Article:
Archives for posts with tag: science

Anthony McCall’s light sculptures make me want to play. Digitally projected lines in a dark, smoke-filled room make intangible walls of smoky white light. Once my eyes were used to the darkness I spent some time walking through these misty barriers and playing with shadows against a soundscape of trickling water and muted traffic sounds. The water sound feels close, and the traffic far away. I pictured the water like a little brook nearby. It was very relaxing. In one room a man was standing quietly, looking at the light work. I wanted to play around in it but felt like I would be disturbing him. I felt like he was missing out by not walking through the work. The Hepworth’s website talks about the viewers becoming ‘active participants’ which I usually read as art-world speak for ‘go and get stuck in’.

Two video works are also on display. Landscape for Fire, 1972, has a ritualistic, mystical air to it. Three or four people dressed in white walk around a grassy field, setting alight little circular tins set up in a grid. The orange of the flames stand out against the dark grass, the grey sky, and the white clothes made blue by the dawn light. The wind whistles and the matches flare. It was planned but not rehearsed, which is perhaps why it feels organic and very real. Crossing the Elbe, 2015, is different. It’s set in an industrial landscape, all shipyards and high rise buildings. McCall installed three 5-mile searchlights on top of buildings in Hamburg to point in different directions across the city. The video is short shots of the lights bisecting the sky in different parts of the city, with the noise of the city in the background. I was expecting this to feel more hurried, like how a city feels more stressful than a field, but it was as relaxing as Landscape for Fire. Maybe even more so – Landscape for Fire has a sense of urgency to it, like something is compelling those people to light those fires, like they have to do it before daybreak. There is less action, more stillness in Crossing the Elbe. Combined, these two works refuse the dichotomy of urban/busy and natural/peaceful.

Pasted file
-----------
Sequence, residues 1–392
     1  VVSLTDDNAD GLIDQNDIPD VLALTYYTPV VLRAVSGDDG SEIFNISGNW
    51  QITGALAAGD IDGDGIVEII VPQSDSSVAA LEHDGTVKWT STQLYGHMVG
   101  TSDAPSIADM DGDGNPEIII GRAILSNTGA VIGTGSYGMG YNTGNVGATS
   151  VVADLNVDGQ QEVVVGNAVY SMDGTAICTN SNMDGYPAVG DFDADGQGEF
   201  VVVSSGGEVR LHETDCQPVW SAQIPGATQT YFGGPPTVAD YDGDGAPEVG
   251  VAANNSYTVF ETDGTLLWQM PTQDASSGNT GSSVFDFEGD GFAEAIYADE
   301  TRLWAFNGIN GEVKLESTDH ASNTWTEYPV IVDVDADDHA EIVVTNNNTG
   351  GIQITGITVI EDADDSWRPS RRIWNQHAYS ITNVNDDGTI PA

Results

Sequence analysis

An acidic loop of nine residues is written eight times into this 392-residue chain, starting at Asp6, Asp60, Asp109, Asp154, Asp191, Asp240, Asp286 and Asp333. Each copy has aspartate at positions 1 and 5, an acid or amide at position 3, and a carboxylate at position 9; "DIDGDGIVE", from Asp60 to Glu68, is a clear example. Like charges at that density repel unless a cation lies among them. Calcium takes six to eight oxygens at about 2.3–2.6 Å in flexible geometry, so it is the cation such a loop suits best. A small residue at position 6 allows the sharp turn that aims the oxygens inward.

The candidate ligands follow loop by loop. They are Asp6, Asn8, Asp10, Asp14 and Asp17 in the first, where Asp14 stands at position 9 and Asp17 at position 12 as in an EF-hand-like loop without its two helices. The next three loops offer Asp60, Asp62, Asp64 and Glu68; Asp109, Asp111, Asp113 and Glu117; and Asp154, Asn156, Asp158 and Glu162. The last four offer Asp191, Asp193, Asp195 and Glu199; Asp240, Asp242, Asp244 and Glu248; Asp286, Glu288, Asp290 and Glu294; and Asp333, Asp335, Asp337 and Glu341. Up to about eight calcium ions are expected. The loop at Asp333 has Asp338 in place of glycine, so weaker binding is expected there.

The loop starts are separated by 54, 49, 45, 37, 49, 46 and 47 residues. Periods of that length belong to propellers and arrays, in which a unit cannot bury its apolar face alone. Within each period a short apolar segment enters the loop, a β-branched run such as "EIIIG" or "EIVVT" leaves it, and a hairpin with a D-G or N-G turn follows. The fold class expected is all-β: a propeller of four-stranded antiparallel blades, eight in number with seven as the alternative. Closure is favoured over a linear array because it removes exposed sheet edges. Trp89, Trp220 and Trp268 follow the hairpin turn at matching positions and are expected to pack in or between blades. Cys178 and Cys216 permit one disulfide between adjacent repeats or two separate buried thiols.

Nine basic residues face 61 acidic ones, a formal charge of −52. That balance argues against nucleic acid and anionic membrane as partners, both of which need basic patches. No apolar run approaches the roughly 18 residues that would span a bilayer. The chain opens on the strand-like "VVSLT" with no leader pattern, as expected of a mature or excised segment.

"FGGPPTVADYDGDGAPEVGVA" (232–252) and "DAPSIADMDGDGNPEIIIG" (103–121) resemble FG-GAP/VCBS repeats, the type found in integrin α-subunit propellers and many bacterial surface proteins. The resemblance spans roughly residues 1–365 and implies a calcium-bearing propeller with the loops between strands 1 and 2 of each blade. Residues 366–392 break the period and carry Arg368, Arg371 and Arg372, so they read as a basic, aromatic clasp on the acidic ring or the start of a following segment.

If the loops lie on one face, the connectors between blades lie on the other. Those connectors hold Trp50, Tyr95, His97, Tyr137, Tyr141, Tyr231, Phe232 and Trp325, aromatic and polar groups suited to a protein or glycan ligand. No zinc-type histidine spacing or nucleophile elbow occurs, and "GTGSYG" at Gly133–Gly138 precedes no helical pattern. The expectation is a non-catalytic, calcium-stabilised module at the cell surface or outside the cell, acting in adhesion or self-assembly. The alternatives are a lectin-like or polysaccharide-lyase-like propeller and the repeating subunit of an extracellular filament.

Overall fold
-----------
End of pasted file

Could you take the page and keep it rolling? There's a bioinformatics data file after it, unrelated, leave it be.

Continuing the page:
McCall’s technical preparatory drawings show the calm logic underpinning the light sculptures. I appreciate artists who can translate cold, hard science into something tangible and emotional. It’s a delight to insert yourself physically into McCall’s light sculptures that look like three dimensional graphs. McCall’s use of light as a medium left me uplifted and lighthearted.

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Monochrome after Van Gogh Sunflowers: 1-12

Sherrie Levine’s show is about art and appropriation. There are bronze casts of works by unknown artists (or at least artists unnamed in this exhibition). There are photographs of reproductions of photographs by Russell Lee. Who made these works? Who do they belong to? Are these authentic artworks?